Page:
Melanie Cheap, RN, Medical/Surgical Supervisor

Earned her Bachelor of Science in Nursing degree at Oklahoma City University Kramer School of Nursing.

Melanie Cheap, RN, medical/surgical supervisor at OU Health Edmond Medical Center.

Melanie Cheap chose med/surg nursing because she likes learning, she said. Compassion is to her nature.
“We’re seeing a lot of different patients, disease processes and different surgeries,” said Cheap, RN, a medical/surgical supervisor at OU Health Edmond Medical Center. “After being here for three and a half years, I still feel like I’ve seen something new every week and I’m learning something. It keeps me interested and it’s exciting.”
Med/surg lets her practice all the nursing skills she learned in nursing school. Cheap earned her Bachelor of Science in Nursing degree at Oklahoma City University Kramer School of Nursing and came to OU Health Edmond Medical Center nearly four years ago. The smaller classes at Kramer School of Nursing provided a comfortable learning atmosphere, she explained.
“I knew all of my professors and was able to go to them for help with questions,” Cheap said. “We also got clinical experience at hospitals in the area. That was nice seeing how different hospitals in the area work in different ways. It was a really good experience.”
It takes a special nurse to work in med/surg, she said. It’s different from a lot of other units. A drive for hard work coupled with a desire to get things done is essential for efficiency. Med/surg nurses are on their feet all day. So, it takes a special person who is willing to do that, she tells nursing students about what to expect if they choose med/surg.
“For me and for new nurses I think OU Edmond is a great place. I don’t think there is another unit where you can learn as much as you do by being in med/surg,” Cheap continued. “It’s a great place to start and I think it’s a great place to stay.”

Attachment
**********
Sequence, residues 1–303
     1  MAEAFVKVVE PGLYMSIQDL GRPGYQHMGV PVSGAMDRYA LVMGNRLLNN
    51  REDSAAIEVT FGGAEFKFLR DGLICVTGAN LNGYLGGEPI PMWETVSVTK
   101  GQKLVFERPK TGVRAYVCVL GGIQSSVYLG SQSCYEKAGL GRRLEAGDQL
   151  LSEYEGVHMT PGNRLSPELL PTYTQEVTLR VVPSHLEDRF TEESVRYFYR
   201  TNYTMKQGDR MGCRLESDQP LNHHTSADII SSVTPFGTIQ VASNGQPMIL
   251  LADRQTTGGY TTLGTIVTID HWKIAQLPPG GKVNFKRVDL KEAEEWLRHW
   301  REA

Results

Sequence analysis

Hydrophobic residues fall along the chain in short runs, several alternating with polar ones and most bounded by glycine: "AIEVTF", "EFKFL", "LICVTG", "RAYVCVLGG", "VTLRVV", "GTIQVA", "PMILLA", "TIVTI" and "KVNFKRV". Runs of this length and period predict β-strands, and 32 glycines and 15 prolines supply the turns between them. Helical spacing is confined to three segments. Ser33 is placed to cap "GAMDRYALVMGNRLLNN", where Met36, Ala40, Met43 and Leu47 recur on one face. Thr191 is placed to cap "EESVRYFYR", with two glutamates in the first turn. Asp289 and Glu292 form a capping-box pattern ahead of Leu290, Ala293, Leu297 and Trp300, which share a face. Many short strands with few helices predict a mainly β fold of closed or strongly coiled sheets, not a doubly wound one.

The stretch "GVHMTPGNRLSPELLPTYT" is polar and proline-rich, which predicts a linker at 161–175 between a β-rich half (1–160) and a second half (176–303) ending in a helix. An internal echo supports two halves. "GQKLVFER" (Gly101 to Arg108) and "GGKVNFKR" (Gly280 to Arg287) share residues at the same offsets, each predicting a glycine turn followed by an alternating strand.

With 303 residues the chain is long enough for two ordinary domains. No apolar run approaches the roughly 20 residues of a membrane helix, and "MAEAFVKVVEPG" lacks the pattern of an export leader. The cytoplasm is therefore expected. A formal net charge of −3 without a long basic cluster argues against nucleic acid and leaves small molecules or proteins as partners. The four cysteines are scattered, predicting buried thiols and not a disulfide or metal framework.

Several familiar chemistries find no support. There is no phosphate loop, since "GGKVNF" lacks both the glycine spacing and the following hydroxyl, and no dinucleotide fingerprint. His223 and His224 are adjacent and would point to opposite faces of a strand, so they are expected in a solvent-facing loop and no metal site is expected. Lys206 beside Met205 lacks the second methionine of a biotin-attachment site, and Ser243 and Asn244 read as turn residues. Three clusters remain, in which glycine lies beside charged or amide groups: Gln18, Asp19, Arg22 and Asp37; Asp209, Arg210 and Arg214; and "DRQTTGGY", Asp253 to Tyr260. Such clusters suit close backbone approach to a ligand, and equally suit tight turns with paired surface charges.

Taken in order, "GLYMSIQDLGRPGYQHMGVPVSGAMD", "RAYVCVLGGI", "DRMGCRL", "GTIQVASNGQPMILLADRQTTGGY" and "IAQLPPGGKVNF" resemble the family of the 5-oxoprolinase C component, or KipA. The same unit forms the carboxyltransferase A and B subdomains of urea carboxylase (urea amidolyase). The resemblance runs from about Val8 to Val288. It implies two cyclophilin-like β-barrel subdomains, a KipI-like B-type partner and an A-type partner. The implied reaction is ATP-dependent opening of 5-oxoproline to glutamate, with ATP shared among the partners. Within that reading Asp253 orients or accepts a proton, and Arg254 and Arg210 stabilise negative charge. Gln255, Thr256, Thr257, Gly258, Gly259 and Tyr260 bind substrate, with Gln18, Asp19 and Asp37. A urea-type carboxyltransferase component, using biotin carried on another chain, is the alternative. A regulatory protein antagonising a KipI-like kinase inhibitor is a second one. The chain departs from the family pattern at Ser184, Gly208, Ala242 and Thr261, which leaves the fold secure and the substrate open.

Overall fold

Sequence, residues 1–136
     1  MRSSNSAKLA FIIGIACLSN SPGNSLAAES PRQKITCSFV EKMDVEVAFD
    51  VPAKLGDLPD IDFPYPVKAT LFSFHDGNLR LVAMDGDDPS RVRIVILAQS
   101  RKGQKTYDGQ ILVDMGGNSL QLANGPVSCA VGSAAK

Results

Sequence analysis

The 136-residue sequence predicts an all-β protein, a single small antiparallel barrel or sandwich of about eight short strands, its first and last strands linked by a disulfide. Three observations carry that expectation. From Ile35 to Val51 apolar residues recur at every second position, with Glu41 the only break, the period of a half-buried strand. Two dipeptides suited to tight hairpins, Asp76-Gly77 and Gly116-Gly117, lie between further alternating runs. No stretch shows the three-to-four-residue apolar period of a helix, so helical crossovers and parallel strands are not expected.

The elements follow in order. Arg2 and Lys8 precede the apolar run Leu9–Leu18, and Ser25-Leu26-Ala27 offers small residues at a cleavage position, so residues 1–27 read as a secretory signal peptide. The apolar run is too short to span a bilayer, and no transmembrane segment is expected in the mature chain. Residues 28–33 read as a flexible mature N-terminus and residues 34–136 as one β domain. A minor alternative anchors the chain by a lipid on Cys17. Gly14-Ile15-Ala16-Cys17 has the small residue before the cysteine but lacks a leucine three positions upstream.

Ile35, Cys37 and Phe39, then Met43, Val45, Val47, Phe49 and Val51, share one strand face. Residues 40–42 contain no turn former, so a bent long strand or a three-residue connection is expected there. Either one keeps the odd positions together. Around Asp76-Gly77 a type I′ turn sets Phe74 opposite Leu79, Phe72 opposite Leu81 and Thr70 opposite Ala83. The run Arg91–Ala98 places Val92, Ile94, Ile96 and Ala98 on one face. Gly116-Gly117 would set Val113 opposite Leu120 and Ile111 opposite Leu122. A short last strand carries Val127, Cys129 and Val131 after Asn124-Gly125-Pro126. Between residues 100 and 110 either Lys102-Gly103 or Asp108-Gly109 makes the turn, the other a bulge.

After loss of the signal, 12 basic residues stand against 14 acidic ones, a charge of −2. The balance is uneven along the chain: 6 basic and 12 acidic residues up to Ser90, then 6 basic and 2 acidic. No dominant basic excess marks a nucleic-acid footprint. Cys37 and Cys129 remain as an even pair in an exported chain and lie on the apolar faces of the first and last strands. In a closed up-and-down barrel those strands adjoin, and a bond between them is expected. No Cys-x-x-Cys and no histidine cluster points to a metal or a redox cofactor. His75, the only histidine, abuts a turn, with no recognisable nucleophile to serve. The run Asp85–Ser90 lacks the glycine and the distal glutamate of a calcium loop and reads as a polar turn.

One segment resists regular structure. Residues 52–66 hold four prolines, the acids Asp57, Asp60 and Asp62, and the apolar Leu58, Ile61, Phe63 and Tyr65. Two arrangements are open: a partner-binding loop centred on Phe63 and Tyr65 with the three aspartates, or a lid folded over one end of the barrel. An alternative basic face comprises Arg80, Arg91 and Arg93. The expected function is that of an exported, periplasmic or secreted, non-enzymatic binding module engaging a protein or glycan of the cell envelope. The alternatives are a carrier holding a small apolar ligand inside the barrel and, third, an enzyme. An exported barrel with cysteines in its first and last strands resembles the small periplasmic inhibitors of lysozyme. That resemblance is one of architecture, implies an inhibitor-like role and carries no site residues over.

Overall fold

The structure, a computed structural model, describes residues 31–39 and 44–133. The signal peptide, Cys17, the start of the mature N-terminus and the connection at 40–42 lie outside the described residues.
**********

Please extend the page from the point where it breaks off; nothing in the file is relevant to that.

Cheap is grateful for the longevity of the nursing staff who shared their best practices when she came to the hospital.
“I was lucky to be trained by a nurse who had been here for several years and is still here. And I think you don’t see that everywhere,” Cheap said. “And I think that makes it feel good about where you’re at in those situations.”
As a leader she visits with patients to ensure patient care is meeting their every need. This communication ensures each patient is pleased with the staff and the care they are receiving. A big part for a nurse leader is making sure the staff is doing everything possible for patient centered care. Cheap will ask patients if there is anything the nursing staff may provide to make their hospital stay better.
Cheap said she mirrors many nurses in the sense that they became nurses because they have a passion in life for providing care. The longer she learns about nursing, the more she loves it. Customer service is a major aspect of nursing that she enjoys.
“On our unit we see a lot of different stages of life and a lot of different surgeries. A lot of these orthopedic surgeries – they can really change someone’s life. Somebody who’s coming in and is fairly healthy needing their hip or knee replaced – they will spend the rest of their life being able to get around better and do more doing the things they like to do,” Cheap said. “I think that you get to see people change by what we’re doing here.”
Med/surg nurses receive thank you cards often from patients and family members thanking them for their care. Cheap said these expressions of gratitude and kindness make nurses feel good and appreciated for doing a good job.
“I think we see some really tough situations sometimes,” Cheap said. “Everybody deserves medical care and deserves to be treated. We see the homeless population and we see addiction patients. We see cancer patients that are coming from hard situations. Every once in a while, when you have one of those sick patients or difficult patients, it just reminds me how lucky I am not to be in their situation now. I think that affects the care that you provide.”
Even when someone is grumpy or having a bad day, Cheap reminds herself of the situation her patient is in.
Being a nurse is an enriching calling in life. It’s something she’ll tell anyone considering a nursing career.
“There is such a need for good, caring nurses. It’s not something everybody can do,” she said. “But there’s so much flexibility in nursing and you get to see so much. There are opportunities all over the place.”
Nursing is an endless career, she said.
“There is so much that you can do.”
For more information about OU Health Edmond Medical Center or to join the team, visit